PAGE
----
Pathways and dynamics of 15NO3- and 15NH4+ applied in a mountain Picea abies forest and in a nearby meadow in central Switzerland

Providoli I. 1, Bugmann H. 2, Siegwolf R. 3, Buchmann N. 4, Schleppi P. 1

1 Swiss Federal Institute for Forest, Snow and Landscape Research (WSL), CH-8903 Birmensdorf, Switzerland
2 Forest Ecology, Swiss Fed. Inst. of Technology, ETH-Zentrum, CH-8092 Zurich, Switzerland
3 Paul Scherrer Institute (PSI), CH-5232 Villigen-PSI, Switzerland
4 Institute of Plant Sciences, Swiss Fed. Inst. of Technology, ETH Zentrum, CH-8092 Zurich, Switzerland

Soil Biol. Biochem. 38 (2006): 1645-1657

DOI: 10.1016/j.soilbio.2005.11.019


To evaluate the pathways and dynamics of inorganic nitrogen (N) deposition in previously N-limited ecosystems, field additions of 15N tracers were conducted in two mountain ecosystems, a forest dominated by Norway spruce ( Picea abies) and a nearby meadow, at the Alptal research site in central Switzerland. Pulses of 15NH4+ and 15NO 3- were applied separately to trace deposited inorganic N originating from emissions from either agricultural or combustion processes. The tracers were applied on plots of 2.25 m2, and several ecosystem pools were sampled at short to longer term intervals (from a few hours to one year), above and below-ground biomass (excluding trees), litter layer, soil LF horizon (approx. 5 - 0 cm), A horizon (approx. 0 - 5 cm) and gleyic B horizon (5 - 20 cm). Furthermore, extractable inorganic N, and microbial N pools were analysed in the LF and A horizons. Tracer recovery patterns were quite similar in both ecosystems, with most of the tracer retained in the soil pool. At the short-term (up to one week), up to 16% of both tracers remained extractable or entered the microbial biomass. However, up to 30% of the added 15NO3- was immobilised just after one hour, and probably chemically bound to soil organic matter. 16% of the NH4+ tracer was also immobilised within hours, but it is not clear how much was bound to soil organic matter or fixed between layers of illite-type clay. While the extractable and microbial pools lost 15N over time, a long-term increase in 15N was measured in the roots. Otherwise, differences in recovery a few hours after labelling and one year later were surprisingly small. Overall, more NO3- tracer than NH 4+ tracer was recovered in the soil. This was due to a strong above-ground uptake of the deposited NH4+ by the ground vegetation, especially by mosses.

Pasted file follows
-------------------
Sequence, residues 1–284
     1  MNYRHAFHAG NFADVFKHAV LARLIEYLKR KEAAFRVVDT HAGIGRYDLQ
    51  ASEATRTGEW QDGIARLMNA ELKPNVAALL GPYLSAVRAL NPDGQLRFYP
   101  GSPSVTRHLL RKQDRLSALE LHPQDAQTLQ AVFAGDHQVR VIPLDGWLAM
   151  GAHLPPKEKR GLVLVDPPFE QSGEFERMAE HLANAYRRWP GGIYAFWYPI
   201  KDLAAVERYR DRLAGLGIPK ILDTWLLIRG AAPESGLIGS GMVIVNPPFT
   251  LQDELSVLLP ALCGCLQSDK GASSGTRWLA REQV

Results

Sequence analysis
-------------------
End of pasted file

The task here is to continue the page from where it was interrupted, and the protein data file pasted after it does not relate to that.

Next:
Keywords: ammonium, Gleysol, 15N tracer, nitrate, nitrogen cycle, nitrogen deposition